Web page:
6 Steps to Prepare for Brexit
Preparing for Brexit March 2019
Although the final details of Brexit have yet to be agreed, it is widely acknowledged that the UK economy could decline or even dip into recession, post March 2019. Campaigns such as the Red Tractor initiative and ‘Buy British’ could drastically reduce the demand for Irish produced goods, and a ‘Hard Brexit’ introducing physical custom borders will create headaches for many businesses who today trade openly with the UK.
According to Fergal O’Rourke, Managing Partner at PwC Ireland, “Firms need to prepare now for additional costs, border issues, disruption to supply chains and people mobility issues.” PwC Ireland and Silicon Republic have developed some steps that Irish companies should take to prepare for Brexit:
Assess how your organisation will enable customs clearance
Assess which customs and trade registrations, authorisations, and reliefs are required to be put in place to enable customs clearance, duty payments, meeting relevant regulatory licensing requirements and securing available duty reliefs. In addition, engagement of a customs agent will be crucial as there will be a requirement to file customs declarations for all goods imported and/or exported to or from the UK.
Prepare for Brexit by mapping and validating supply chains
Companies need to map and validate their supply chain models in order to understand their direct and indirect exposure. For example, a challenge for Irish business is the use of the UK as a land bridge, with products moving through the UK to and from Ireland. Sourcing products through the UK from countries that the EU currently has a free trade agreement with or storing and distributing non-EU goods such as Chinese- or US-manufactured goods from a UK warehouse, will have significant customs compliance requirements.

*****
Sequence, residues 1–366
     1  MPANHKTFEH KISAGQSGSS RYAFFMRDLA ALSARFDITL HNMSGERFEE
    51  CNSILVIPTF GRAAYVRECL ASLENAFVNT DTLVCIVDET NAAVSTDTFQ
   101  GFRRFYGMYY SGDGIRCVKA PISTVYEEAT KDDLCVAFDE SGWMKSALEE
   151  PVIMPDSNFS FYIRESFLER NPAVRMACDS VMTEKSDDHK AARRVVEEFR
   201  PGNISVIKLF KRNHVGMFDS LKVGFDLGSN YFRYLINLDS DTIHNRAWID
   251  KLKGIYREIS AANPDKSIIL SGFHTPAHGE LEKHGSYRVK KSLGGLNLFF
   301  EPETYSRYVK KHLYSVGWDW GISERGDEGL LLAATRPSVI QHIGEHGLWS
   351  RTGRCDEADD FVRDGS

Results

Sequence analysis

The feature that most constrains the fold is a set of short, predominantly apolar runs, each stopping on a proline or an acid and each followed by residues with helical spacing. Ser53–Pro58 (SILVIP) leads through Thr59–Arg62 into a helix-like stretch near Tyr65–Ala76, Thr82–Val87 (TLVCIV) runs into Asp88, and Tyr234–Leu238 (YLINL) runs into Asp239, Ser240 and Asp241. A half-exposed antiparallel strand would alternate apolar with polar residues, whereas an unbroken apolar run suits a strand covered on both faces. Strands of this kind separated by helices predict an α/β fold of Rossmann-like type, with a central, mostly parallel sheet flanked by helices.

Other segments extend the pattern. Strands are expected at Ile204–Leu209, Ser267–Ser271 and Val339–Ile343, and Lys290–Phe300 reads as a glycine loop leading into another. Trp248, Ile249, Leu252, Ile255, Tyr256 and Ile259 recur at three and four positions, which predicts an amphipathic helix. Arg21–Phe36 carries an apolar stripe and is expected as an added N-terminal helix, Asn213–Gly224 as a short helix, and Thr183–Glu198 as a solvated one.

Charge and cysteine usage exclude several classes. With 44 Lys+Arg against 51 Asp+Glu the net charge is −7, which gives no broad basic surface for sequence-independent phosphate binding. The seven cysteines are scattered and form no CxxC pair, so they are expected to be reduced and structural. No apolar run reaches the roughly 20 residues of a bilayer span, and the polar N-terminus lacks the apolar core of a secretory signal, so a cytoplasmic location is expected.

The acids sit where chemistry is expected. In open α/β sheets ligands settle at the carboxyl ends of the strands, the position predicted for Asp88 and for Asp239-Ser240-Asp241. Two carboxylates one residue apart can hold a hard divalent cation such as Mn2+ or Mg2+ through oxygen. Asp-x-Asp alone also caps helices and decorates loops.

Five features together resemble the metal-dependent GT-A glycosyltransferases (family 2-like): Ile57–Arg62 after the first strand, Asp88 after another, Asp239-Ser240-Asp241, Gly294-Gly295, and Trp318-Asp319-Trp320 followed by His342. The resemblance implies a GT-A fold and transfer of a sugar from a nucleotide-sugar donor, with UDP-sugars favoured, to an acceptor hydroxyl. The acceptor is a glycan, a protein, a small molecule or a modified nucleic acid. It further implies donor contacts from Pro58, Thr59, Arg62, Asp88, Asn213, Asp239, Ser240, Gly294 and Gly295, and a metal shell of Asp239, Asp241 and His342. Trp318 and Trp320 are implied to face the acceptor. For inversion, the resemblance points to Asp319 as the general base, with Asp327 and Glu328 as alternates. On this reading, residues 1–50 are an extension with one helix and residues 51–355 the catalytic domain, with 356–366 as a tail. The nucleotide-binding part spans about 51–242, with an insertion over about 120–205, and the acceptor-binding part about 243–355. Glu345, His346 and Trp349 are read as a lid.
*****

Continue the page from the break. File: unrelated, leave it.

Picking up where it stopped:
Obtain AEO status
There has been commentary about ‘trusted trader’ status, and what this could mean for importers and exporters post-Brexit. Authorised Economic Operator (AEO) status is a well-established ‘trusted trader’ customs programme, in place in the EU since 2008. After Brexit, AEO could provide for faster customs clearance by offering priority access to companies that have been pre-assessed.
Ensure adequate cash flow for VAT and additional inventory
Import VAT is a duty of customs. A result of Brexit is that it now poses a cash flow challenge for companies trading cross-border with the UK. Import VAT will be charged at the border when importing goods, in both Ireland and the UK. Cash flow problems will be compounded for companies that need to hold additional inventory as insurance against potential border delays.
Develop a contingency plan to mitigate against border delays
There is no guarantee that border procedures will operate smoothly immediately after Brexit. Companies need a contingency plan to mitigate against any risk of delay when goods enter or exit the country. Customs reliefs available in certain instances to reduce duty payable should be explored as part of any Brexit planning.
Complete and study the Prepare for Brexit Scorecard by Enterprise Ireland
The Enterprise Ireland Scorecard is an interactive online platform which can be used by all Irish companies to self-assess their exposure to Brexit under six separate sections. The results will highlight where a company could improve their knowledge and will offer links to sites with additional information and potential funding supports.